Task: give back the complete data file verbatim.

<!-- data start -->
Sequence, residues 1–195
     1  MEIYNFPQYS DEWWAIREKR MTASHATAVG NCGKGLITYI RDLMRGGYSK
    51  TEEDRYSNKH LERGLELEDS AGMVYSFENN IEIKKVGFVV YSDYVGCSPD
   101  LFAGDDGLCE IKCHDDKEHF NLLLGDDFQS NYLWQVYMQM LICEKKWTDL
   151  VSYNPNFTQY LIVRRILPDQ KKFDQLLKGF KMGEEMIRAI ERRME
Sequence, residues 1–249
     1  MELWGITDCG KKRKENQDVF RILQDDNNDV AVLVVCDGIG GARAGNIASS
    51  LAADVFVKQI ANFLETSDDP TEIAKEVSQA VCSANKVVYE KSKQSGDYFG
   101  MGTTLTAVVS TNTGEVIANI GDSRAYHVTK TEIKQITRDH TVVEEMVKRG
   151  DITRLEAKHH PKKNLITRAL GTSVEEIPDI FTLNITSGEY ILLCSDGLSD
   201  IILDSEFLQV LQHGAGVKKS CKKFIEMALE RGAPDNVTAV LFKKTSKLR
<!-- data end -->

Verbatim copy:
Sequence, residues 1–195
     1  MEIYNFPQYS DEWWAIREKR MTASHATAVG NCGKGLITYI RDLMRGGYSK
    51  TEEDRYSNKH LERGLELEDS AGMVYSFENN IEIKKVGFVV YSDYVGCSPD
   101  LFAGDDGLCE IKCHDDKEHF NLLLGDDFQS NYLWQVYMQM LICEKKWTDL
   151  VSYNPNFTQY LIVRRILPDQ KKFDQLLKGF KMGEEMIRAI ERRME
Sequence, residues 1–249
     1  MELWGITDCG KKRKENQDVF RILQDDNNDV AVLVVCDGIG GARAGNIASS
    51  LAADVFVKQI ANFLETSDDP TEIAKEVSQA VCSANKVVYE KSKQSGDYFG
   101  MGTTLTAVVS TNTGEVIANI GDSRAYHVTK TEIKQITRDH TVVEEMVKRG
   151  DITRLEAKHH PKKNLITRAL GTSVEEIPDI FTLNITSGEY ILLCSDGLSD
   201  IILDSEFLQV LQHGAGVKKS CKKFIEMALE RGAPDNVTAV LFKKTSKLR